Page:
Andrew Davis on Why the Best Content Has No CTA
By Juliet Stott | May 9, 2016
When he’s not playing internet cosmonaut, best-selling author and marketer Andrew Davis travels the real world, presenting on topics from social media to the future of print. An internationally acclaimed speaker, Davis has shared his unique new media insights with everyone from newspaper editors to Fortune 500 CEOs.
Here, he talks about the value of unconventional brand partnerships, why the best kind of content has no call-to-action (CTA) and how to create content that resonates with an audience.
Is it right for brands to become, or aspire to become, publishers?
Brands becoming publishers is one of those mantras that definitely bothers me. I don’t think most brands are very good publishers, and I don’t think most brands are media companies, or should be media companies.
A CEO of a Fortune 500 company once said to me, “I’m really interested in doing great marketing and sales, but I have no interest in becoming a media company.” And I think that’s right.
That being said, there is an opportunity for brands to leverage the right kind of content to inspire demand for their products or services. Brands that are good at it can really drive a huge return on investment.
Red Bull is a great example; in 2015 it planned to sell more content than beverages. The content it creates is fast becoming more valuable than the beverages it sells.
You say some of the best content marketing stories have no CTA. How does this work as a business tactic?
One of my favorite examples comes from Tractor Supply, the Wal-Mart equivalent for farmers, which has everything in it you need to run a farm. It has partnered with a guy named the Chicken Whisperer.
The Chicken Whisperer creates content for Tractor Supply every day. He has a daily online radio show aimed at passionate backyard poultry enthusiasts (people who love to raise chickens). This show has inspired a whole new generation of people eager to get into backyard poultry.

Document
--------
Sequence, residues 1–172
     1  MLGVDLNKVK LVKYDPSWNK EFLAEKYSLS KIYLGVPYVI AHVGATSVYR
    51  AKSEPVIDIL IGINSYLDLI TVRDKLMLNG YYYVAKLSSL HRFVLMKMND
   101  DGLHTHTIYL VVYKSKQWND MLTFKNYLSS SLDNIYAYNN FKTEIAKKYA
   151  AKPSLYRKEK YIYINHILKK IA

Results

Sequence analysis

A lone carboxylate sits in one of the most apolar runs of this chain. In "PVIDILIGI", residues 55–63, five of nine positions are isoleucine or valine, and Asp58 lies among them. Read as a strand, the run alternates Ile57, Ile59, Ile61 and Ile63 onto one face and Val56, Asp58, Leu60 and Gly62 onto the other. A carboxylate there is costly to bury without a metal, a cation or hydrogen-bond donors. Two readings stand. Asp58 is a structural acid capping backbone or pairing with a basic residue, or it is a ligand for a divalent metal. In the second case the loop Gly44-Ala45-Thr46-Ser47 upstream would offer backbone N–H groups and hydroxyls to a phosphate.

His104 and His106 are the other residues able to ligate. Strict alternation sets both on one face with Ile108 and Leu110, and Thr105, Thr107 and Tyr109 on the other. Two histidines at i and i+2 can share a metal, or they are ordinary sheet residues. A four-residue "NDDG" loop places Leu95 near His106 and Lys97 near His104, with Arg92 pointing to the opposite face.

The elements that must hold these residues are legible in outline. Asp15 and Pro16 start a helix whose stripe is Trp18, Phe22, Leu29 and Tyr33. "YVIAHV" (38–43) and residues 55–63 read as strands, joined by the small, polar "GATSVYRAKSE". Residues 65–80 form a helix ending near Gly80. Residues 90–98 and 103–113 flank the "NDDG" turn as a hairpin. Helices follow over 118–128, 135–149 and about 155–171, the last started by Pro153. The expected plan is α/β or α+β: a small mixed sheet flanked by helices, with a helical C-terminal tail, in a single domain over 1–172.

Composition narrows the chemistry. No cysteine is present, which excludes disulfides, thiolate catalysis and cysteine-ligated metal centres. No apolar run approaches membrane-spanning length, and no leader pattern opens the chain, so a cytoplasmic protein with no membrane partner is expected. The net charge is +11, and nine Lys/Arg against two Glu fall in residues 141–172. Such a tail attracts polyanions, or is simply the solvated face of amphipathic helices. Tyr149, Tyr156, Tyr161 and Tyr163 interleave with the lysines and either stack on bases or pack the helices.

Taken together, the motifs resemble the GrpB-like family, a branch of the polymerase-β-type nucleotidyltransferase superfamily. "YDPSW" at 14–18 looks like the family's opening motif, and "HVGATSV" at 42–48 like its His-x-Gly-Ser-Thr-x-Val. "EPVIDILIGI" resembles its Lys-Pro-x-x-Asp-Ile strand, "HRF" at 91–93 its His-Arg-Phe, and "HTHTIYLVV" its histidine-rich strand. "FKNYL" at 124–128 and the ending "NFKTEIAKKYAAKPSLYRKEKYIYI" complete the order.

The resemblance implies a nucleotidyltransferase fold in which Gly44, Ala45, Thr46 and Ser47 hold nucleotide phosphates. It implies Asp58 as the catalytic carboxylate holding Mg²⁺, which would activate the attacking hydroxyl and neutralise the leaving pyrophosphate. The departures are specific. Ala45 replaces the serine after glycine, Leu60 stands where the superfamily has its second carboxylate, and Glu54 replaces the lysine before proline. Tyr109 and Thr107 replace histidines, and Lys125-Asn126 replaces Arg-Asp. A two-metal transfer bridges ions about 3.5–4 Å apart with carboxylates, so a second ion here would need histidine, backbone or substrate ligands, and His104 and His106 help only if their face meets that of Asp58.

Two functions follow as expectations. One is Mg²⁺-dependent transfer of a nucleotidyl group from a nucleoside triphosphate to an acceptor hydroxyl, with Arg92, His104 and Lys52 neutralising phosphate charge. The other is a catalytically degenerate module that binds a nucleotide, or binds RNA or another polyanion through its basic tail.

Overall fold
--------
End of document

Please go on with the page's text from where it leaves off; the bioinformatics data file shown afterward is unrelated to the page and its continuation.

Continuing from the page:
The Chicken Whisperer never tells listeners to go to Tractor Supply and buy a baby chick; there is no CTA on his show. All he does is talk about how fun raising chickens is, and the problems and educational opportunities that come out of this hobby. But what has happened is people have been inspired by his shows.
They’ve wanted to come and meet him at a Tractor Supply store, and when they’ve gotten there, they’ve bought a $4 chick. They’ve then realized they need to spend $600 on equipment that will keep that chick alive (which Tractor Supply happens to stock). It’s a great business model. It’s very simple.
Successful content resonates with its audience. How do you find out what an audience wants so you can create content that meets that need?
Start with your existing list of clients and customers. Dive deep into your most profitable ones; these are your most valuable customers. Find out why they bought from you—not just about the last step in the buying process where they read five positive online reviews and made a purchase.
Find out what their first step on the journey was. You really have to go far back in their psyche. If you can identify that reason, you’ll be able to create content that shows you can empathize with the problems they had early on.
In a B2B world, sales teams should ask questions such as: What day-to-day challenges do they face? Where do they want to be in five years? Take note of responses, and feed them back into the marketing team.
In a B2C commodity-driven market, look at the influencers—read their blogs, watch their videos, and listen to their concerns and what made them buy the product or service in the first place. You can resort to surveys, but they don’t tell you as much as personal interaction.
I think it’s worth every company getting out of the office and meeting clients and customers that use their products and services, and talking to them about what motivates them to buy. You’ll find most people are eager to talk to the CEO to share their views.
The opportunities for brands to tell their stories online on various platforms have never been more numerous. How can storytellers be heard among all the noise?
I always talk about valuable content. The content has to be valuable to the audience, not necessarily to the brand—although, it should be valuable for both. It has to be relevant to the audience first, not the company or product.
You have to switch your perspective. Marketers today expect every piece of content they distribute on every channel to be successful and have lots of likes and shares, but this is unrealistic.